They are able to do this, in part, because of the Legal Assistance for Victims Grant Program administered by the OVW. Twenty-one LSC grantees received a total of nearly $9.5 million in grants from the program in 2008, more than half of the total funding distributed that year. LSC's legal aid programs received similar shares of the funding in past years.
"This funding makes a meaningful difference every day in the lives of domestic violence victims," said LSC President Helaine M. Barnett.
On Sept. 10, President Obama announced his intent to nominate Neil McBride to the board of directors of the Tennessee Valley Authority (TVA), the largest electric utility in the country.
McBride is the general counsel and a managing partner of the Legal Aid Society of Middle Tennessee and the Cumberlands, a Nashville-based program serving the low-income residents of nearly 50 counties.
Created in the early 1930's as part of President Roosevelt's New Deal, the TVA serves nine million people in a seven-state region. As a federal utility, it also sets rates and conditions of service for its customers. It is governed by a part-time, nonpartisan, nine-member board of directors.
In 1978, McBride founded Rural Legal Services of Tennessee, which he led until 2002 when it merged with other legal aid programs to form the Legal Aid Society. Among other initiatives, Rural Legal Services promoted public participation in TVA decision making, improved energy efficiency programs for TVA customers and advocated for stronger environmental controls on TVA coal suppliers.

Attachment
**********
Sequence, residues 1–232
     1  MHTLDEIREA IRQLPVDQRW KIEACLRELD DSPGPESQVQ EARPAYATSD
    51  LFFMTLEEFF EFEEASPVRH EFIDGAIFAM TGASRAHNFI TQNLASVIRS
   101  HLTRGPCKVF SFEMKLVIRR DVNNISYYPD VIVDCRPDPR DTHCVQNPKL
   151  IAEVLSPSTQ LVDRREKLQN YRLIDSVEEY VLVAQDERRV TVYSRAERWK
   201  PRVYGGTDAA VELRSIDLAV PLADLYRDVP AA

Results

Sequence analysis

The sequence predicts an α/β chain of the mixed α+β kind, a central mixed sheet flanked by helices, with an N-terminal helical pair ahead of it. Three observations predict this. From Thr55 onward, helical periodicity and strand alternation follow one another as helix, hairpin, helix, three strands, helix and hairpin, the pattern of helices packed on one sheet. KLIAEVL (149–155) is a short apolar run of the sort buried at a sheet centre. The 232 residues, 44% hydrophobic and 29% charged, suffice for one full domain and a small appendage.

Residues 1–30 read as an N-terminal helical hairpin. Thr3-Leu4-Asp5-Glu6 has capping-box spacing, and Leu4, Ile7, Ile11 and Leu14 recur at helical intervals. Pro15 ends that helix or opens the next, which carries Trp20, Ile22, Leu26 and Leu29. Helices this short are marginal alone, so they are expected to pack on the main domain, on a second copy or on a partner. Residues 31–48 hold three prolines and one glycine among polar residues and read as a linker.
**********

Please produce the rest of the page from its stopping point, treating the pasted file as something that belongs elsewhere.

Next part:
Reacting to the news of his nomination, McBride said, "I'm not the typical appointee to this kind of position. I would not have gotten over the first bar if this administration did not have a deep respect for the role of legal aid in this country. I hope that all legal aid staff can take some pride in the recognition that this nomination represents."
McBride is a member of the Tennessee Bar Association's House of Delegates and the American Bar Association's Standing Committee on Legal Aid and Indigent Defendants. He will remain with the Legal Aid Society during his tenure on the TVA board. His appointment requires Senate confirmation.
Jerome Wright, Memphis Commercial Appeal – Sept. 13, 2009
Justice shouldn't come with a price tag.
The perception, however, is that those who can afford good legal representation tend to fare better in America's courtrooms. Depending on the type of case, that may or may not be true.
But there is one certainty. Millions of people across this nation cannot afford to hire legal representation to help them navigate the intricacies of family law, foreclosure and other housing issues, consumer matters and income-maintenance issues that involve helping people obtain government benefits or promised compensation from private employers.
Those numbers have been exacerbated by the nation's economic slowdown.
The Legal Services Corporation and 137 nonprofit legal aid programs, including Memphis Area Legal Services Inc., help balance the legal scales, at least in civil matters.
Alison Grant, The Plain Dealer – Sept. 10, 2009
Erin Simmons was on a fast upward trajectory.
The Kent native graduated with academic awards from Case Western Reserve University School of Law in the spring and landed a plum offer from the No. 1-grossing U.S. law firm, Skadden, Arps, Slate, Meagher & Flom.
But instead of launching her career in September as a Skadden [litigator] in Manhattan, Simmons will be handling family law cases at the Legal Aid Society of Cleveland.